First, we need to know our menu: the full story of Scripture and the robust depth of our theology, not just our favorite orders (the items we like to pick and choose). How do we learn (or re-learn) it? Maybe we need a congregation-wide confirmation class, a deep dive into the Apostle’s Creed, maybe a renewed form of small groups that Wesley called class meetings and banded discipleship. Whatever a Holy Spirit imagination gives us for preaching and teaching, we can’t know our menu just for the sake of more information, but for the sake of transformation into being like Christ.

Second, we need to become better customers. Yes, there’s a lot of talk about how Christians shouldn’t be consumers, but that’s not what I’m talking about here. If you’ve ever waited tables, you know customers are most known for one thing: complaining. Maybe it’s because “the customer is always right” even when they’re wrong. I get it, because if you feel left out of the preparation process (not in the kitchen, so to speak), or your expectations haven’t been met (“This isn’t what I ordered!”) it’s easy to become disenfranchised. But we’ve got to move away from all the grumbling, criticizing, and fear-mongering. In other words, we’ve got to stop screaming.

Third, we need to move from being customers to being waiters. Theologically speaking we’re supposed to be “servants,” because Jesus says things like, “For even the Son of Man came not to be served but to serve others and to give his life” (Mark 10:45, NLT). And of course, one of our mandates is to have the same attitude of Jesus Christ who took the position of a servant (Philippians 2:5-7).

Consider a story from last November of a Waffle House in Birmingham, Alabama. Because of a glitch in scheduling, just one cook was on duty after midnight to manage about 30 hungry and inebriated customers. He couldn’t keep up, but then one customer got up, put on an apron, and started washing dishes. Another started cleaning tables and serving coffee. With the two customers-turned-waiters at work, the lone employee could keep cooking.

To be this kind of servant in the storm evokes what Wesley wrote about later in his journal at sea: “There is something special about these Germans. They are always so happy! And, they do the menial jobs on this ship without protesting.”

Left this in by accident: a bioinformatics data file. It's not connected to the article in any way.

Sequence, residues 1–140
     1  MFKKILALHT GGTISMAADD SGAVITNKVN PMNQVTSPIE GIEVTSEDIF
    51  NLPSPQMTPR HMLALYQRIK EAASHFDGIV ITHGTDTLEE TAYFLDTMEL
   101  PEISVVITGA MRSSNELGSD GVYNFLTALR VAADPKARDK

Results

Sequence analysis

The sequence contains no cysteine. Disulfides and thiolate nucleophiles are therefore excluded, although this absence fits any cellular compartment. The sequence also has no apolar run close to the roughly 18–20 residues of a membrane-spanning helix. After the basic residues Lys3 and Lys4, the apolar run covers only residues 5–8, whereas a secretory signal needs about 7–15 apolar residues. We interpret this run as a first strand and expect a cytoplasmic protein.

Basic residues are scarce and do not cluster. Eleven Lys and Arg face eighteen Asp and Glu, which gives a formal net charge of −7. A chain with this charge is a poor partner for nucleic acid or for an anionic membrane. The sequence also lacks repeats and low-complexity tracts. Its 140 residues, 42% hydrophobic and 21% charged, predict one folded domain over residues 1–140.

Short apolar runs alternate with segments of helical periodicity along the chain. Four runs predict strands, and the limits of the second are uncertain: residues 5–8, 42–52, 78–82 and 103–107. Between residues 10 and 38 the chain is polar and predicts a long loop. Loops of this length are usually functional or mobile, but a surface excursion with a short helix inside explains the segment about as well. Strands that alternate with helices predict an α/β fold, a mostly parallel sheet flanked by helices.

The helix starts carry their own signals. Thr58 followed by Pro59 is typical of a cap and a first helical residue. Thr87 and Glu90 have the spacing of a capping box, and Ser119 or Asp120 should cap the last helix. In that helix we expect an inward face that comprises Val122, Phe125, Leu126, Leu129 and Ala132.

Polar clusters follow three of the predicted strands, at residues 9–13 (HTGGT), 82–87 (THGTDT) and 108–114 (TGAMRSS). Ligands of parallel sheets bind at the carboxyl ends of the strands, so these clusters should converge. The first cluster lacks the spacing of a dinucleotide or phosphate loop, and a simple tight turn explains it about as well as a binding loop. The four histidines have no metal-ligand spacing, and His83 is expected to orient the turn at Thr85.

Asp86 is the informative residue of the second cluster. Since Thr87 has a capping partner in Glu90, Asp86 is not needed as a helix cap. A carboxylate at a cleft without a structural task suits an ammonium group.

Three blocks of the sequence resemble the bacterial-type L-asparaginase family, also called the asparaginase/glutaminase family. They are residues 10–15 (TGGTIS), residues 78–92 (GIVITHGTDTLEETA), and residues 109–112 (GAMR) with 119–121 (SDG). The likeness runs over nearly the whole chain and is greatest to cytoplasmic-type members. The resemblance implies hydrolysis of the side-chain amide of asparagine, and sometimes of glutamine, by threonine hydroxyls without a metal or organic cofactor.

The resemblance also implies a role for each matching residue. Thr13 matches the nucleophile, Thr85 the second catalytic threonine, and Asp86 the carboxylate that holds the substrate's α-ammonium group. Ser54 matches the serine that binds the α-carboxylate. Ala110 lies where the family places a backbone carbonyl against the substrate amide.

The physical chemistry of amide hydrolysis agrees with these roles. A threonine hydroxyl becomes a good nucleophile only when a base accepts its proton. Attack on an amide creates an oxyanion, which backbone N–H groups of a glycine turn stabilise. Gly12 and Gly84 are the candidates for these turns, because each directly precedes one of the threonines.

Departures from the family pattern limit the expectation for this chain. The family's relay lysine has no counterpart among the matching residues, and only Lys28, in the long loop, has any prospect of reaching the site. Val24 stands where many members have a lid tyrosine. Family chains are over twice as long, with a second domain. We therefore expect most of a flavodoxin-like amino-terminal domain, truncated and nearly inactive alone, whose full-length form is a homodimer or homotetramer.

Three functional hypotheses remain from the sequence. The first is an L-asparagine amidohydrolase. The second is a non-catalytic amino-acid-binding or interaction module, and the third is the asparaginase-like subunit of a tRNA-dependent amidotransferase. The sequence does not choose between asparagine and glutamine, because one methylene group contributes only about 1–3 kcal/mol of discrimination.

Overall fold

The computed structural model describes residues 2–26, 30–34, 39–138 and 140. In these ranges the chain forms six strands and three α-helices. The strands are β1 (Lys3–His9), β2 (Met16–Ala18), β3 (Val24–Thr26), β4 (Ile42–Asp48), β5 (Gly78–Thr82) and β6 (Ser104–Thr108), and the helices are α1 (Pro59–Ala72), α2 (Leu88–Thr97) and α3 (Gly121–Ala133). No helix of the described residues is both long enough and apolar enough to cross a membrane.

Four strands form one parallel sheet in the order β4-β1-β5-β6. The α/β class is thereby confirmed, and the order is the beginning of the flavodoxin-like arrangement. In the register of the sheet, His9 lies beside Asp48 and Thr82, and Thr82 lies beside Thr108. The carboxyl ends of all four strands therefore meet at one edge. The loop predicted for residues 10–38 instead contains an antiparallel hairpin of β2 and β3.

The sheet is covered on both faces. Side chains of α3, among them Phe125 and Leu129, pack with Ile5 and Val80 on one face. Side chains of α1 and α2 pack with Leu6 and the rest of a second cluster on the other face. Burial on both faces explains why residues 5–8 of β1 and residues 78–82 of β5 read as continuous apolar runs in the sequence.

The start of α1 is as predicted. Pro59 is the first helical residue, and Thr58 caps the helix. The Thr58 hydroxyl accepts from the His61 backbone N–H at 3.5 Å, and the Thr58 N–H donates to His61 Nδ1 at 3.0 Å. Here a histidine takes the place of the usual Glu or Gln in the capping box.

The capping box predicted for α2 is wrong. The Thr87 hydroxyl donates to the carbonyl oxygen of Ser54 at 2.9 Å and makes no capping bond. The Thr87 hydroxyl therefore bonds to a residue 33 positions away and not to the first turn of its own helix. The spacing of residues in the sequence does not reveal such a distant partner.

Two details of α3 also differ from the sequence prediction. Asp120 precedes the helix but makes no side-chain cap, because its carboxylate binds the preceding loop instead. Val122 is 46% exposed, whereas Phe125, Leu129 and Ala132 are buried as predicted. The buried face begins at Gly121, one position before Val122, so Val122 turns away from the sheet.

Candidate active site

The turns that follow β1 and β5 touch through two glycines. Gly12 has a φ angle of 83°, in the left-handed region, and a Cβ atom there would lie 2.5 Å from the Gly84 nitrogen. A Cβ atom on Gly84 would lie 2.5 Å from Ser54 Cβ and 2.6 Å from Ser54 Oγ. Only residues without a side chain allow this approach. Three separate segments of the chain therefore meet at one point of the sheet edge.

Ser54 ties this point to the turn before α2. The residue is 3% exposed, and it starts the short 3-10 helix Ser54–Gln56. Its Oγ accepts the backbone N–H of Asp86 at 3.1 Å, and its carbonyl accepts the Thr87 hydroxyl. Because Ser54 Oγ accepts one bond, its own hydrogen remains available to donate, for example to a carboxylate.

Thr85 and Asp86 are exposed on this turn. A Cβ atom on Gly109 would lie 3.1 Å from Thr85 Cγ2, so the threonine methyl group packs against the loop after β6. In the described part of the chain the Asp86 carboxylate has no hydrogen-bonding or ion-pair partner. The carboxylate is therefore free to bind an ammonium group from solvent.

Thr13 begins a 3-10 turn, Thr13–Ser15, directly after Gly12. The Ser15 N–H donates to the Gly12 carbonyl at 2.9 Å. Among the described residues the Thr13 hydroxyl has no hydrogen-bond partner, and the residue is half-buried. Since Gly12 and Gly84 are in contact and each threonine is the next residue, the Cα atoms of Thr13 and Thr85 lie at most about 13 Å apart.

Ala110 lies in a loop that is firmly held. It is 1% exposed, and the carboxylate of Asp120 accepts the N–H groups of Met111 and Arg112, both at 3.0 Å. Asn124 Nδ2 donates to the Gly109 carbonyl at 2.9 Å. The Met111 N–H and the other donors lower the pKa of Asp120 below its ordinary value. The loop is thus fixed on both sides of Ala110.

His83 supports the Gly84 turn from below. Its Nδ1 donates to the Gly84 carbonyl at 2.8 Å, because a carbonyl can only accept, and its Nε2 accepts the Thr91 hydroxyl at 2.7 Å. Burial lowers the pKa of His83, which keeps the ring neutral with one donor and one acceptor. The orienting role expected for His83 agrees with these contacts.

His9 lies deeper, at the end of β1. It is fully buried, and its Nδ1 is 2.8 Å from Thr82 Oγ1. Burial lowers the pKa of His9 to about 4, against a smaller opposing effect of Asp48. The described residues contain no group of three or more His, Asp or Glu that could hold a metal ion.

Remember, we’re not a bunch of inebriated customers at one in the morning, we’re servant people filled with the Holy Spirit (Acts 2). This means our storm might give us the opportunity to creatively step up and serve the souls of some hungry and angry people (aka “hangry”). But like Paul, we’re serving them Jesus in the middle of the storm because Jesus is the one who created the very wind and waves (Colossians 1:16) and then later spoke to the storm and told it to calm down (Mark 4:35-41).

And isn’t it interesting that when he was in the storm at sea Wesley asked himself, “How is it that thou has no faith?” which is the same thing Jesus asked his disciples in their boat? Jesus is asking us the same question now.

John Wesley said, “You have one business on earth – to save souls.” What does that business look like in our churches in this season of storms? It looks something like the way late chef Anthony Bourdain described a Waffle House: “Where everybody, regardless of race, creed, color or degree of inebriation, is welcomed. Its warm, yellow glow – a beacon of hope and salvation – inviting the hungry, the lost, the seriously hammered all across the south to come inside. A place of safety and nourishment. It never closes. It is always faithful, always there for you.”

And what happens when the storm moves from a metaphorical hurricane to a literal pandemic? The Waffle House had to move to essential staff cooking up a limited menu for take-out. The restaurant building may be closed, but you can still get waffles to eat at home. While not ideal, it sure beats no waffles at all.

The church is still open, but only for essential staff to prepare limited worship services online and Bible studies for streaming-out. The church building may be closed, but we can still receive Jesus in our homes. The basics of the menu have not changed, and the opportunity of how to be better servers has shifted.

Eventually, Jesus will return and there will be no more storms (literal or metaphorical). And when he does we know that, “The servants who are ready and waiting for his return will be rewarded. I tell you the truth, [Jesus] will seat them, put on an apron, and serve them as they sit and eat!” (Luke 12:37, NLT). Until then, we might as well set the table.

Omar Al-Rikabi is the senior pastor of Heath United Methodist Church in Heath, Texas, and the author of The Advent Mission (Seedbed). This article first appeared on WesleyanAccent.com. You can follow him on Twitter @omarrikabi.

 

Speak Your Mind

*

This site uses Akismet to reduce spam. Learn how your comment data is processed.